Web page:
Amedspor wins to face pressure off field
When the referee blew the final whistle in a Ziraat Turkish Cup game on Jan. 31 in Bursa, he marked the end of a football match and the start of a fresh debate over politics and sports.
In that match, Second League (and third-tier) representative Amedspor, based in the southeastern province of Diyarbakır, beat Turkish Super League club Bursaspor 2-1 to become the only lower division side to advance to the quarterfinals in the cup competition.
In any football league, such an achievement by a lower league club would have been hailed as a major success. But when one side carried the name Amed, the Kurdish name for Diyarbakır, and it fans are not shy to express their Kurdish identity and political stance, it has evolved into a different story.
The firestorm started with a tweet reportedly written by an account that used the club’s name.
“We dedicate the 2-1 victory at Bursaspor to the guerillas resisting in Sur and Cizre and to the altruistic people of Kurdistan,” read the tweet, which was later deleted. Although the club denied any links to the account, the reactions to the tweet were the signal of what was coming.
During the same hours, the police used tear gas and water cannon to disperse crowds in Diyarbakır, who had gathered to celebrate the victory.
On Feb. 2, the police raided Amedspor’s headquarters in Diyarbakır. Teams from the anti-terrorism department seized the hard disks of the computers in the building in their search for the source of the tweet.
On the same day, the draw for the quarterfinals were made and Amedspor was drawn against Fenerbahçe for a game to be played in Diyarbakır. Hours after that, the Turkish Football Federation (TFF) announced that Amedspor would be forced to play one game behind closed doors and fined 25,000 Turkish Liras. The reason for the punishment was the “ideological propaganda” by the club’s supporters in a cup game against Istanbul’s Başakşehir on Jan. 28.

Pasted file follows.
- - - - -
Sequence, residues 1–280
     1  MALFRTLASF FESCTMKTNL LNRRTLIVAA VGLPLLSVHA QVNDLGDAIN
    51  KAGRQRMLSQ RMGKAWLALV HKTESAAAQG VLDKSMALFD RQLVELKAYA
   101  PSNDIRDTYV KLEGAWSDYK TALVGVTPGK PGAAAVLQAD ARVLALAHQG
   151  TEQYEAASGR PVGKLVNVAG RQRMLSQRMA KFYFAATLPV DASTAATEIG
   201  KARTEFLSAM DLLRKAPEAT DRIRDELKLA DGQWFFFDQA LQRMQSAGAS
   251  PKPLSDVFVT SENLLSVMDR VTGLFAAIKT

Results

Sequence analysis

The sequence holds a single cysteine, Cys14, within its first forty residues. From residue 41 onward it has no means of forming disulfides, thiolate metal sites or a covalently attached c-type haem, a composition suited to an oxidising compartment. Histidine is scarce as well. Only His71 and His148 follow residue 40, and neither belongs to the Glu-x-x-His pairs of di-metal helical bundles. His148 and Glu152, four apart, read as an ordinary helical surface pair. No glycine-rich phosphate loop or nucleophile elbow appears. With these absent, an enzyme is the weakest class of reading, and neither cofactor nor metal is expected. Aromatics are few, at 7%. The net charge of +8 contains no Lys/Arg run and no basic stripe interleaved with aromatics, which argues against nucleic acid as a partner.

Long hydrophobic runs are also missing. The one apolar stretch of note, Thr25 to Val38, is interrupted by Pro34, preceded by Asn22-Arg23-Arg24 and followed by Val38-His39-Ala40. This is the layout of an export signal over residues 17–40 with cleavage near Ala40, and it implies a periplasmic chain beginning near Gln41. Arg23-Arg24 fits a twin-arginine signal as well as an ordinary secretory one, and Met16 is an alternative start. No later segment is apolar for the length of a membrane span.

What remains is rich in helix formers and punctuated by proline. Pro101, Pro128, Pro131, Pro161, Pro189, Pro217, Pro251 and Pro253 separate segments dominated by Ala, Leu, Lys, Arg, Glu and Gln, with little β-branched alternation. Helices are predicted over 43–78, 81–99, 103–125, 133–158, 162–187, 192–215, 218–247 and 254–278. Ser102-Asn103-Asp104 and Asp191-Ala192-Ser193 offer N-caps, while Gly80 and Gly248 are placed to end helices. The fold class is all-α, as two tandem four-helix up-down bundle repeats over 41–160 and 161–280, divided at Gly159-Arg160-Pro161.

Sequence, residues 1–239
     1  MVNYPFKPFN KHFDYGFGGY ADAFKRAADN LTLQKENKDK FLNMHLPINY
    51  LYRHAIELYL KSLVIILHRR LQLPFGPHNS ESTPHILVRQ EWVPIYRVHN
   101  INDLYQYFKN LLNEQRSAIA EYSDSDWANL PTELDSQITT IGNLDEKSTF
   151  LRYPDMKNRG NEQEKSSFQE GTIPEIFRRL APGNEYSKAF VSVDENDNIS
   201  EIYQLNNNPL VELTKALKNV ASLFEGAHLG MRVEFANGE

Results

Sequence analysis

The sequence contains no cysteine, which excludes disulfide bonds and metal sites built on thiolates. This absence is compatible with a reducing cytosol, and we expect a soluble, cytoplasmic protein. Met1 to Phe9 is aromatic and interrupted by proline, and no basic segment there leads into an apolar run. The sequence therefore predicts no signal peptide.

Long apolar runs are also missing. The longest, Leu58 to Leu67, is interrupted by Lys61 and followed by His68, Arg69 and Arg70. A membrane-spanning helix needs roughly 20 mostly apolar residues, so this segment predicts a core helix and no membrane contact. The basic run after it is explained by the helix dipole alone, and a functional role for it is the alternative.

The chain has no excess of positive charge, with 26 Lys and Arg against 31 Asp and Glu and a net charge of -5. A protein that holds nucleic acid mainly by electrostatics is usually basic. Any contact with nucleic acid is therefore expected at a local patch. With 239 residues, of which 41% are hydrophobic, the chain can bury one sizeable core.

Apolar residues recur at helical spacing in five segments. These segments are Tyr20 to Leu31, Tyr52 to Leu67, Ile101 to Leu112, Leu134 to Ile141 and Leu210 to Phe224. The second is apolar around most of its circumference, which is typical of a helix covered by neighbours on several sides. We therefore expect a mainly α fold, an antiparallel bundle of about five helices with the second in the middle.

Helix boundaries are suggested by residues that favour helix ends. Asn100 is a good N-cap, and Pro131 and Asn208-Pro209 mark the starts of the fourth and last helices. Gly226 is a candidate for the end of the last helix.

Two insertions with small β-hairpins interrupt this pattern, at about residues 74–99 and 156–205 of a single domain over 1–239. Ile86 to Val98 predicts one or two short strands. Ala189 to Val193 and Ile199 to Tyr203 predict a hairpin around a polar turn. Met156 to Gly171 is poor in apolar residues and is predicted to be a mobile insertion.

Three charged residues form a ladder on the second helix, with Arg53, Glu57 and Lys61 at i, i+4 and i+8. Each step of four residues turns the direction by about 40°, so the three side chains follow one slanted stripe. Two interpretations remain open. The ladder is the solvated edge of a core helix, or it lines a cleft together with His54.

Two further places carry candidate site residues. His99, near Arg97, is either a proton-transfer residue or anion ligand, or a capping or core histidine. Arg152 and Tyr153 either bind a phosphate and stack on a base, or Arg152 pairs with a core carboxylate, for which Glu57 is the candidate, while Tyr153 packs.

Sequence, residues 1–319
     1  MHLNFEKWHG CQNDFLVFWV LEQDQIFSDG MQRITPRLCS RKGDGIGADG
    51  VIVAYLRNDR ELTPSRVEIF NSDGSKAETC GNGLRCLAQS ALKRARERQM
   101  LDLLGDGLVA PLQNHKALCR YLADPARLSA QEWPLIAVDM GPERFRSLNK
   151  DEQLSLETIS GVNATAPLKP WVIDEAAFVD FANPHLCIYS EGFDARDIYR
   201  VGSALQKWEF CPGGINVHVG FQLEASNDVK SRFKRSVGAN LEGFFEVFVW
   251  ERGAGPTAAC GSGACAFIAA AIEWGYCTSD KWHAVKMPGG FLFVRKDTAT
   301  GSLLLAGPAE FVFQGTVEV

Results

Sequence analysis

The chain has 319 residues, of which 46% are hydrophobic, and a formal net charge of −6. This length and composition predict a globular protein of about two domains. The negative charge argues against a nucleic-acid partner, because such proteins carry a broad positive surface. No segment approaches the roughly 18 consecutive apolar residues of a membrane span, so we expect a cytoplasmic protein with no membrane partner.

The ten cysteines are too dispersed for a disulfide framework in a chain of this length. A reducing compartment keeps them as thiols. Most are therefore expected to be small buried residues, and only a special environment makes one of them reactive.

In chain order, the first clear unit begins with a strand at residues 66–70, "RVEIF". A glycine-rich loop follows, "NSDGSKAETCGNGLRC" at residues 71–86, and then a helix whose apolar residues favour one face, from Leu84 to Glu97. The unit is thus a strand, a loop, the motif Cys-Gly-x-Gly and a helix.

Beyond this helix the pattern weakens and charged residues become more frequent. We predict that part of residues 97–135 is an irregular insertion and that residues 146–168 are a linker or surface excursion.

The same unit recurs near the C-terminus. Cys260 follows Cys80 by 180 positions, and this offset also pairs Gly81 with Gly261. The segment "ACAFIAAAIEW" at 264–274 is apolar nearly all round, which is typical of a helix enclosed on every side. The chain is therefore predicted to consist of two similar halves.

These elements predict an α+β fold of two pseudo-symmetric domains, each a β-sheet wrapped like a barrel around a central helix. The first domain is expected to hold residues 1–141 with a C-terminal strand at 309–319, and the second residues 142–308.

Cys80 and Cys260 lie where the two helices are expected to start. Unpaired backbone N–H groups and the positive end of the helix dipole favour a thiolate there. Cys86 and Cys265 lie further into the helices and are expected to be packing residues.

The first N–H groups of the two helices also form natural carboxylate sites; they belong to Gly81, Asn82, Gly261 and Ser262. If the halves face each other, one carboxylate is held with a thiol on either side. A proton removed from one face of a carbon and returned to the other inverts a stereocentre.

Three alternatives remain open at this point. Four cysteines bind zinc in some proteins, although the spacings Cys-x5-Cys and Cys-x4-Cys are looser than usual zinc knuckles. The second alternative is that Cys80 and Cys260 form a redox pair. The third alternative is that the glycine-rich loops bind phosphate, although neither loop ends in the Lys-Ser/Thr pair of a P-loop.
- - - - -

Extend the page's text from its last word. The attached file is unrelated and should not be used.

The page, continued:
The chanting that led to the punishment were “The barricade is here,” “Everywhere is Sur, everywhere is resistance,” “Everywhere is Cizre, everywhere is resistance” and “Do not let children die.” These slogans were chanted during a game in which Başakşehir striker Semih Şentürk saluted the visiting fans like a soldier after scoring against Amedspor.
The club’s players were also subject to pressure. Deniz Naki, who was on the score sheet against Bursaspor, was referred to the Professional Football Disciplinary Board (PFDK) for his remarks on the social media after the game.
Naki is no stranger to controversy. Being an Alevi, who carries a tattoo that reads “Dersim 62,” the traditional name for the eastern province of Tunceli and its traffic code, and another one that reads “Azadî,” freedom in Kurdish, was the subject of a suspected racist attack in 2014 when he was playing for Ankara club Gençlerbirliği. The player left the club and Turkey after the attack.
“It was a very important victory for us today,” Naki wrote on the social media after the Bursaspor match.
“We have come clear against this dirty game targeting us. We are proud to be a small hope of light for our people at such difficult times. As Amedspor, we have not submitted and we will not submit. Her bijî Azadî! [Long live freedom in Kurdish],” the player added. He now faces an at least a one-match ban for “discrimination and ideological propaganda.”
There were also reports yesterday that the cup match against Fenerbahçe scheduled for next week would be moved to Şanlıurfa for security reasons. Club officials threatened to withdraw if such a decision is made.
Amedspor’s success comes at a time Sur in Diyarbakır and Cizre in Şırnak have been under curfew for over two months amid ongoing security operations against the outlawed Kurdistan Workers’ Party (PKK). Government officials insist that the operations target only the PKK, not the Kurds in the region, but the environment created by the officials and the media is responsible for the severe public reactions to almost anything and anyone with Kurdish identity.
If the TFF were sincere about punishing “ideological propaganda,” it should have acted against the supporters of Amedspor’s opponents who have been chanting “PKK out” against the visiting team and its fans.
Amedspor’s glory against clubs with players being paid a monthly wage of its entire budget for the season deserves praise regardless of the club’s identity.
You don’t need to be Kurd or a club supporter to say, “Her bijî Amedspor.”